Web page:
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Op-Ed: Liberty and Justice For All…Unless You’re Oscar Grant

In the early morning hours of Jan. 1, 2009, Oscar Grant was shot in the back by a police officer while allegedly resisting arrest on the Bay Area Rapid Transit (BART). Grant, a black Bay Area resident, was subsequently hospitalized, where he died the next morning. Videos of the incident show that Grant was already being physically restrained when he was fatally shot. Johannes Mehserle, the offending officer, was charged with murder but pleaded not guilty, arguing that he mistook his gun for a taser. He was eventually found not guilty of second-degree murder and instead, was found guilty of involuntary manslaughter. On Nov. 5, 2010, Mehserle was sentenced to two years in prison and may be released from custody after seven months.

The Stanford University College Chapter of the National Association for the Advancement of Colored People (NAACP) finds this ruling grossly inadequate and stands in agreement with the U.S. Justice Department, which has currently begun a civil rights case against Mehserle. Following the killing, the trial has sparked massive rage and protests in Oakland and in surrounding communities. Since the November ruling, there have been nearly 150 people arrested for riots and protests related to the Grant killing. Especially in Oakland, an area already rife with racial tensions between policemen and residents, community members viewed this incident of police brutality with outrage and disgust, and the verdict of the case even more so.

One thing is pretty clear: this was a case of unwarranted police brutality. Much of the video evidence suggests there was no need to shoot or even tase Grant, as another officer was already restraining him when he was shot. Experts have also testified that it is very difficult to confuse a taser with a gun, as guns are much heavier. Moreover, tasers are designed in a very different way than guns for the explicit purpose of avoiding confusion. In light of this evidence, the sentence given to Mehserle was unjust given the severity of the crime he committed. What message are we sending when many animal cruelty laws dole out harsher sentencing than the one Mehserle received?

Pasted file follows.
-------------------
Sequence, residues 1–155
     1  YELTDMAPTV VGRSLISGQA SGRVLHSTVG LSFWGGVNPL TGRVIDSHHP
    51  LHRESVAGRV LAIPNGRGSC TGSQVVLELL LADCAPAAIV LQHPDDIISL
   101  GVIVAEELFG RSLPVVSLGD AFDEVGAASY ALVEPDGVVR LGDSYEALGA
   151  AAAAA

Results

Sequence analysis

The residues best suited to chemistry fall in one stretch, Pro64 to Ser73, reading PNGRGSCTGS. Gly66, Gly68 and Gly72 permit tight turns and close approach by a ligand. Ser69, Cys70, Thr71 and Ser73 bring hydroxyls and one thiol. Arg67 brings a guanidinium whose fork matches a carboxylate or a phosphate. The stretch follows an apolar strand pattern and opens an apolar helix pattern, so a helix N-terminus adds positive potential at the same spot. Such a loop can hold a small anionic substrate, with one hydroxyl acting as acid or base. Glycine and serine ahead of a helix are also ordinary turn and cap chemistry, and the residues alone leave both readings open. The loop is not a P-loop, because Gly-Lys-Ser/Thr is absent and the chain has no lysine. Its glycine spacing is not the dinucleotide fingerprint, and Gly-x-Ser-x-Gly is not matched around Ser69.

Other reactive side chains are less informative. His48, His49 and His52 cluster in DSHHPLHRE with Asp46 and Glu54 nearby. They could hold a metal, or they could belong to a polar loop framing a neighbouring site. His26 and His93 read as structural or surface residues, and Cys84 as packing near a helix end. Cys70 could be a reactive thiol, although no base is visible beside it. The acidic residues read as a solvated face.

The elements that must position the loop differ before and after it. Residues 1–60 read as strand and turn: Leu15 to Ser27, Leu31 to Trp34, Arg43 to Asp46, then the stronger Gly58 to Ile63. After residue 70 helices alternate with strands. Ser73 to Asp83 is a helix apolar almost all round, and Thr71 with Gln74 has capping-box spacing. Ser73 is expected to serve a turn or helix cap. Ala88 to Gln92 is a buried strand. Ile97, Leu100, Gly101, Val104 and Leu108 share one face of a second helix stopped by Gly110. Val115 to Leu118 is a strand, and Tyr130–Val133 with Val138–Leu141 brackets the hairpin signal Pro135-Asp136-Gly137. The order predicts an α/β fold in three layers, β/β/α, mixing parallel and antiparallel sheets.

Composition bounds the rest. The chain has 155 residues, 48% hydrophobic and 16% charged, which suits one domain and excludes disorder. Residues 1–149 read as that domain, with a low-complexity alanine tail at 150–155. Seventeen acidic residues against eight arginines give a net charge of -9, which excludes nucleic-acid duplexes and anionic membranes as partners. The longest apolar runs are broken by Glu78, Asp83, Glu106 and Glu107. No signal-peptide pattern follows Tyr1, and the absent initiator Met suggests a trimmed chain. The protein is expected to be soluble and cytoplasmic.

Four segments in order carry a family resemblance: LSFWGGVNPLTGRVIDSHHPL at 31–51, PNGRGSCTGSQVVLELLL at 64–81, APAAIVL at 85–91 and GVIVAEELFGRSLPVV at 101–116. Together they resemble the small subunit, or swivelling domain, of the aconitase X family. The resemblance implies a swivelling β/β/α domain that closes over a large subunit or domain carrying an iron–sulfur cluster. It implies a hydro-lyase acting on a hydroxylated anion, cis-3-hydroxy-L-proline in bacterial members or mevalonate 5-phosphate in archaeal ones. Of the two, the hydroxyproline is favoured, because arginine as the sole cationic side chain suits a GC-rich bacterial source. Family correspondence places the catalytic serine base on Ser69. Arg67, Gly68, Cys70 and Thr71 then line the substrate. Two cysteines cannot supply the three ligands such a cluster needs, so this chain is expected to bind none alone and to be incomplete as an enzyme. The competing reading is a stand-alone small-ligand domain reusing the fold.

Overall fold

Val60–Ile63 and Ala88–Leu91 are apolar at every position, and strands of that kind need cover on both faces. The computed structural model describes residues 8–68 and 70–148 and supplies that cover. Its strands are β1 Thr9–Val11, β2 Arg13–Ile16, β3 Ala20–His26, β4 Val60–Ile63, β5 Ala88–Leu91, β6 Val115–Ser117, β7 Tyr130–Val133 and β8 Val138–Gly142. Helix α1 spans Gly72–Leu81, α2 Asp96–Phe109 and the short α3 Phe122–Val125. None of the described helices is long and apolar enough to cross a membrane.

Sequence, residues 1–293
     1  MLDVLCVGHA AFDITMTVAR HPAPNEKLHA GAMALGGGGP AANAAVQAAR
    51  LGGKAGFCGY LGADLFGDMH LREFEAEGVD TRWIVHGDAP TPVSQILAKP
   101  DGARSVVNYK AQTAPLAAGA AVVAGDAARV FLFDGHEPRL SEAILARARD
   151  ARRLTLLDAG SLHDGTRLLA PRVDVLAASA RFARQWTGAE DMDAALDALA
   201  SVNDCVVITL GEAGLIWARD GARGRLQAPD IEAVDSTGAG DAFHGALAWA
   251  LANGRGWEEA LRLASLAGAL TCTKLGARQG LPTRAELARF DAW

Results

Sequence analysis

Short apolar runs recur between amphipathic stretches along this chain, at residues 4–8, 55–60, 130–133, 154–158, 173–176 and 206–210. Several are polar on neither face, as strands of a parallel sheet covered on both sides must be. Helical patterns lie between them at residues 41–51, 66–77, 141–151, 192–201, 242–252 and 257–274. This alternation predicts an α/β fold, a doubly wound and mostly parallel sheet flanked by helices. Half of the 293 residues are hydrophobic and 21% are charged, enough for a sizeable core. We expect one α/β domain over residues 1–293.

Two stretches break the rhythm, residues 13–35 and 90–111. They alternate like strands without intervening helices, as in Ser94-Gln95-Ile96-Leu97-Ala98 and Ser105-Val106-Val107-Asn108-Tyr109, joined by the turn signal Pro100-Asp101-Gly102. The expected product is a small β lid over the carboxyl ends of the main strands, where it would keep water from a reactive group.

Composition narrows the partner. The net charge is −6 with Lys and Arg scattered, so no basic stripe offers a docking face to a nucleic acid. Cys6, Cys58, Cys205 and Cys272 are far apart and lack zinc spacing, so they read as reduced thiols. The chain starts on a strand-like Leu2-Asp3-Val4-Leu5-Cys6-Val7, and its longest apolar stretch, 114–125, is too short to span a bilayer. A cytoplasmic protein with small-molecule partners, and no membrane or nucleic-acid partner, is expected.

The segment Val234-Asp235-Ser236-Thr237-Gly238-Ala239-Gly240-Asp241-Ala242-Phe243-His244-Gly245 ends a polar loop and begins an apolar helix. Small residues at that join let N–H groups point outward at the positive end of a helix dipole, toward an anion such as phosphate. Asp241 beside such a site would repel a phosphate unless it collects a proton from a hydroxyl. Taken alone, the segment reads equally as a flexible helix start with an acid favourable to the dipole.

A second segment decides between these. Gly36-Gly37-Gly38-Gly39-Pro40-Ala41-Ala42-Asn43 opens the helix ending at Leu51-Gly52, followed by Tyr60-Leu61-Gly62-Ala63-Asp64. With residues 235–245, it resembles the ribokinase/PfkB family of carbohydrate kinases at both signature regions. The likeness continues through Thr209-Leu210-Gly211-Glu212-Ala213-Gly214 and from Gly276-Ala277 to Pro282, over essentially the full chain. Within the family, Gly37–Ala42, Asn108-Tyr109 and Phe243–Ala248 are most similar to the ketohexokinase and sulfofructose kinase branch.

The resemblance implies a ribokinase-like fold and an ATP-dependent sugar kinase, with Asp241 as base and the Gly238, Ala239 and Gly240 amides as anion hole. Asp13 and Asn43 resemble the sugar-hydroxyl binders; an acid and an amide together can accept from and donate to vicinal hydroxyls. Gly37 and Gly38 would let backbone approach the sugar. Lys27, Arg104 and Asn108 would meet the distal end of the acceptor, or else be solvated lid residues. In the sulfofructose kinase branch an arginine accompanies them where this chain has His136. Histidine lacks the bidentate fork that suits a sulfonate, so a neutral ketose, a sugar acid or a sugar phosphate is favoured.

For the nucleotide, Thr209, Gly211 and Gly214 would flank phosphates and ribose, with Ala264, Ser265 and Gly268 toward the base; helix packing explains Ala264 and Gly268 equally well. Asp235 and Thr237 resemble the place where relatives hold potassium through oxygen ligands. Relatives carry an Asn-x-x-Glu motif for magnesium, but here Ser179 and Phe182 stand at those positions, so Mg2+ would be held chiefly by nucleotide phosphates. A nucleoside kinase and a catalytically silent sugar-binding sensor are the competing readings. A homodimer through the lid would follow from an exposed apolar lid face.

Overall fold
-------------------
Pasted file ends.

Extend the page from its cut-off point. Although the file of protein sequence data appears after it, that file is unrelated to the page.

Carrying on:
From Rodney King in 1991 to Oscar Grant in 2010, our generation has seen repeated cases of unjust police brutality. But let’s not forget some obvious facts. King and Grant were black; the policemen were white. King and Grant held low societal standings; the policemen had complete authority.

However, Grant was not so fortunate to escape with his life, and we find it unjust that one man in a position of authority can essentially get away with killing another by labeling it an accident (despite evidence to the contrary). To our dismay but not to our surprise, this type of institutionalized racial injustice and state-sanctioned human rights violation is being propagated in the courts.

According to the Oakland Tribune, Mesherle’s defense attorney Michael Rains said, “He will appeal the jury’s involuntary manslaughter verdict with a hope to both clear Mehserle’s record of a crime and to prevent other police officers from enduring a criminal trial for making a mistake on the job.” If the troubling position of Rains becomes the judicial norm and a fatal error by police has no legal ramifications, we in the Stanford NAACP are not only concerned for the safety of minorities nationwide but for any person in America whose human rights will be at stake.

It is unsettling enough that policemen, the “upholders of safety in society,” kill people. But, as we sleep in our warm Stanford beds tonight, perhaps we should be even more sickened by the fact that policemen can then walk free after a couple years with a possible legal “thumbs up.” As we bike past serene palm trees, perhaps we should feel a little queasy that, if you are a white police officer, there is currently little legal consequence for shooting a handcuffed black man in the back. If that is the world and the country we live in, perhaps liberty and justice is not for all.

Imani Franklin ’13, Belinda Tang ’14 & Matt Miller ’12

The Stanford NAACP Political Action Committee

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